MINNEAPOLIS (AP) — U.S. Rep. Rick Nolan has introduced a bill to force completion of a land swap needed for the proposed PolyMet copper-nickel mine in northeastern Minnesota.
PolyMet welcomed the move in a statement Monday, saying the transaction “is not moving forward as quickly as it could be” since the U.S. Forest Service approved the land exchange in January. But the Minnesota Democrat’s legislation came under fire from environmental groups, which said the deal undervalues the land and cheats taxpayers while threatening pristine areas.
Under the agreement, PolyMet would get 6,650 acres of federal land it needs in the Superior National Forest in return for about the same amount of private land that would be added to the national forest. PolyMet holds the mineral rights to the federal land where it wants to mine near Babbitt, but can’t proceed without owning the surface rights.
Environmental groups have filed four separate lawsuits to block the land exchange. Two allege the deal undervalues the land at just $550 per acre, while the other two say the deal violates federal laws on land transfers and endangered species. The legislation is aimed at countering those lawsuits.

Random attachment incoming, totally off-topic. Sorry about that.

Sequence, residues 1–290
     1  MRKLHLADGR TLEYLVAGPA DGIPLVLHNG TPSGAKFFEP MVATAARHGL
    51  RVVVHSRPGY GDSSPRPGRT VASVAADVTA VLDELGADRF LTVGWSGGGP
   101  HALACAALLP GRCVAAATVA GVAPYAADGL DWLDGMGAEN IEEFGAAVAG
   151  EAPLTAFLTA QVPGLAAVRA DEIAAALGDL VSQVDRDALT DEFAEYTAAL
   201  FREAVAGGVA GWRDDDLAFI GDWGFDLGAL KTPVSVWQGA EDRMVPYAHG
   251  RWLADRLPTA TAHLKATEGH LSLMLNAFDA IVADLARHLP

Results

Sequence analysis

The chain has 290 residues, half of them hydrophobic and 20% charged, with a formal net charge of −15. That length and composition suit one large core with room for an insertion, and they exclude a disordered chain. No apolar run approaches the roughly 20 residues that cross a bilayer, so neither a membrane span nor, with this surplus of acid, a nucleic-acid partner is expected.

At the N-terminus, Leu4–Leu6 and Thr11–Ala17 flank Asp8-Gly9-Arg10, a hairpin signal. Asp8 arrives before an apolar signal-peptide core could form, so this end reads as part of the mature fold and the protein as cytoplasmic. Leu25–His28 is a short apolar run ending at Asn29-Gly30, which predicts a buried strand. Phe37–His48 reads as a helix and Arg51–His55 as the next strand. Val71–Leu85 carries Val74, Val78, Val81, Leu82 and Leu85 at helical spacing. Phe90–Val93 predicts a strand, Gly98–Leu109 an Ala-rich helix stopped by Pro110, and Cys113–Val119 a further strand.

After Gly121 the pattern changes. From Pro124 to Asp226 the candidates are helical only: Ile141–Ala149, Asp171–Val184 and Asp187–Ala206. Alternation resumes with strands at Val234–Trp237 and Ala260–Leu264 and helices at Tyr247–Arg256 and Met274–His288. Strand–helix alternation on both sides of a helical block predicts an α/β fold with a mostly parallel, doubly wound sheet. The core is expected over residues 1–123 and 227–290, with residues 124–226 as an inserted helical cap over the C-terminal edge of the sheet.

“You can’t undervalue public land — federal land — to sweeten the deal for a mining company,” said Paula Maccabee, an attorney for one of the groups, WaterLegacy.
Nolan, who represents northeastern Minnesota, has been working to remove obstacles to both PolyMet and the proposed Twin Metals mine near Ely, saying the minerals can be mined safely without harming the environment.
Environmental groups have fought both projects because the vast but as-yet untapped reserves of copper, nickel and precious metals under northeastern Minnesota are locked up in sulfide-bearing minerals that can leach sulfuric acid and other pollutants when exposed to air and water.
Nolan introduced the bill late last week. It would require completion of the exchange within 90 days of passage. His co-sponsors include fellow Minnesota Democratic Rep. Collin Peterson, and Minnesota Republican Reps. Tom Emmer and Jason Lewis, as well as some key Republicans on the House Natural Resources Committee. PolyMet said the terms of the deal wouldn’t change except that the company would give up a $425,000 payment from the government.
“Rep. Nolan’s bill is a giveaway of public land, plain and simple,” said Kevin Lee, an attorney at the Minnesota Center for Environmental Advocacy, another group suing to block the deal. “It is a windfall for PolyMet and a swindle of public land users who use public land for hunting, fishing, and recreation.”
Besides waiting on the land exchange, Polymet is in the process of applying for the state and federal permits it needs.
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